I usually avoid hero worship. I generally dislike thinking of any one single person having realistically made a significant change to the world all by themselves. They never really do.
Today is 2nd October, the anniversary of Mahatma Gandhi. He was born a 146 years ago.
‘Father of the Nation’ is a epithet that I dislike at times to describe the great man that Mahatma Gandhi was. It enshrines the entire credit of modern India to a single person. I never really feel comfortable with such notions. That said, Gandhiji was a man who had an exceptional impact and his generation was truly a magnificent one in history.
These men and women in their thousands were flawed in more than one way. They were often in many respects, beliefs and ideas, products of their times.
They were also exceptional from many other generations as they forged and nurtured a union that we know of today as India, together with several hundreds of languages, different ethnicities, religions, caste and so much more which could have torn us apart.
India today is a chaotic democracy but a beautiful experiment at the same time. The experiment that we could refer to our “tryst with destiny” is still ongoing.
A friend, rightly point out on Facebook today . (Not linking to the post as it was private and he wants to stay anonymous)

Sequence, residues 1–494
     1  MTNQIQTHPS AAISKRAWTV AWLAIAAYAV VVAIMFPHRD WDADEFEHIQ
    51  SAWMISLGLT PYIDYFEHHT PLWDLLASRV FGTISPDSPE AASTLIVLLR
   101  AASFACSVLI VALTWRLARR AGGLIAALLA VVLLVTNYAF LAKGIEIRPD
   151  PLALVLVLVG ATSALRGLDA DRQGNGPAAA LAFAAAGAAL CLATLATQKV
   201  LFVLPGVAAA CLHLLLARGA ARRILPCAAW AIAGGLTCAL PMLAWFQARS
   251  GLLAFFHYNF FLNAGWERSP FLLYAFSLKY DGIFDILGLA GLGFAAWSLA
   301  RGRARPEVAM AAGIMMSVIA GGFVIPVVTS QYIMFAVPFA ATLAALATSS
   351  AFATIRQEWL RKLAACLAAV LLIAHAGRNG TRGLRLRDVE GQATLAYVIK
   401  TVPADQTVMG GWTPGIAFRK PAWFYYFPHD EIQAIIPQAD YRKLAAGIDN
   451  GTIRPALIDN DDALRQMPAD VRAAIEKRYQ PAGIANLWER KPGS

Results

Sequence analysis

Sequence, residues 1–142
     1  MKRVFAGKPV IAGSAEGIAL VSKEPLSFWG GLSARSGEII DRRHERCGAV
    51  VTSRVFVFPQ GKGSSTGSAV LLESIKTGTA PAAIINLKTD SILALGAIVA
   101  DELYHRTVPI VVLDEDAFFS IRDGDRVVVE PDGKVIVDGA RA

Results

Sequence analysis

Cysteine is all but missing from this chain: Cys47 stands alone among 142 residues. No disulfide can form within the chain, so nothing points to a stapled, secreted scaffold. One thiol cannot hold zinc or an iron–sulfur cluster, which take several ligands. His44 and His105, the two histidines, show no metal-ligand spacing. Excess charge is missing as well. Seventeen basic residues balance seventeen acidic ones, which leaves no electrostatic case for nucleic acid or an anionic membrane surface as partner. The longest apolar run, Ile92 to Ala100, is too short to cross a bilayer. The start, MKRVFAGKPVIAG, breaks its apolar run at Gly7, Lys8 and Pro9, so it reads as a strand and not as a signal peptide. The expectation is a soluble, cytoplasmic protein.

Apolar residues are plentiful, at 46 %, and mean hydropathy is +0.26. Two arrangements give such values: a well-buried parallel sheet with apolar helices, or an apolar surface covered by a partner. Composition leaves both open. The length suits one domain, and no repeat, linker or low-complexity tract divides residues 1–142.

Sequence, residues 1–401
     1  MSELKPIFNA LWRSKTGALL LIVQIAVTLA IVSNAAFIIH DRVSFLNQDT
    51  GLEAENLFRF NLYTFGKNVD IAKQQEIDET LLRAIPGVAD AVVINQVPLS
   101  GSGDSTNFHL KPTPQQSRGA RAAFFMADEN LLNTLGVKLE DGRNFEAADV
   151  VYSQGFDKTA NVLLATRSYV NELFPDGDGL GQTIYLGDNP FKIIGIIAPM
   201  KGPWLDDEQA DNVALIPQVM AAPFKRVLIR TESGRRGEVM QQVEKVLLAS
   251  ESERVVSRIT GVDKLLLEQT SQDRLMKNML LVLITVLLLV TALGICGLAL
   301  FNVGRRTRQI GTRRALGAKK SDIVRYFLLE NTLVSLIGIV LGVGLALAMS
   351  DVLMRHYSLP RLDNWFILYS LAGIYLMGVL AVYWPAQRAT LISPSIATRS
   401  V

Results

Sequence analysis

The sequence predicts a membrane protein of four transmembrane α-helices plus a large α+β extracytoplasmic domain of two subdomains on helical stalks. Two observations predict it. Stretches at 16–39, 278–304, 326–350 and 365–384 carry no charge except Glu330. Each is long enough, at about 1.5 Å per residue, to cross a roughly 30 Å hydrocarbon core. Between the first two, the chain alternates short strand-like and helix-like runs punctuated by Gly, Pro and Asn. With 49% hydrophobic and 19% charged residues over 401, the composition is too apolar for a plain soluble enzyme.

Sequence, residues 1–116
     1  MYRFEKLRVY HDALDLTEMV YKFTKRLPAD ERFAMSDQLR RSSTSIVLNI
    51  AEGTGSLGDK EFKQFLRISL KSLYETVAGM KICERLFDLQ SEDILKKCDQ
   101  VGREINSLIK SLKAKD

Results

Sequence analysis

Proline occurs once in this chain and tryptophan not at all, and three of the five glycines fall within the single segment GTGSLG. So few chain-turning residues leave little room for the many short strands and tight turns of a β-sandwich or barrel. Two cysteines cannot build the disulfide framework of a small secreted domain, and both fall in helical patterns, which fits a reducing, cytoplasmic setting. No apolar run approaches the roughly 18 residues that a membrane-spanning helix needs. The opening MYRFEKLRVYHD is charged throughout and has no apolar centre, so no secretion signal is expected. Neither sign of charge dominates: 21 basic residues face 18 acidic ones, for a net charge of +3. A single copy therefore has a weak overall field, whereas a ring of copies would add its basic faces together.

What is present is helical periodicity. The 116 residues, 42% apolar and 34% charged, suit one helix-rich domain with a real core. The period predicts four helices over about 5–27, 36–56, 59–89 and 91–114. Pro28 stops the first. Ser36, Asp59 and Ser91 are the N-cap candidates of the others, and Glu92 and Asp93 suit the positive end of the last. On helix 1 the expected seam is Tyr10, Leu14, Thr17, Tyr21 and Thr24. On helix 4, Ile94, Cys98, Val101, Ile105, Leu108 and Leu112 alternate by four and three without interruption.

but we should also remember that Nehru, Gandhi and all those leaders of that massive pervasive and diverse National Independence movement represented a generation. A generation that in early twentieth century was thinking of us in the 21st century, thinking of our future our well-being and our dignity. They were not just bothered with then and now, they had a vision — for a world where people like you and me can live with our heads high.
That dream came true for you and me but is not yet fully accomplished for millions of our fellow humans. That dream might not come true for our future generations and descendants. That pledge with destiny has not yet been fully redeemed. Lots of work left.
My friend is right.
In recent times, India feels more divided than ever. People are often casually hurling abuses and insults towards each other for having differing political opinions and views. We would do well to remember Gandhi’s generation for a few moments.
In this generation were founders of modern India. Our nation’s fathers and mothers. They thought about the world, about India and humanity. They forged a nation with no experience and several differences even among themselves by investing in institutions and civil traditions that continue to outlast them by many a decades. We should be grateful to them, but lots of work is still left to be done.
The responsibility is now ours. This age is now ours and we have to nurture this idea of India, make it better and leave it behind for generations to come.
As goes one of Gandhiji’s famous quotes “The future depends on what we do in the present”.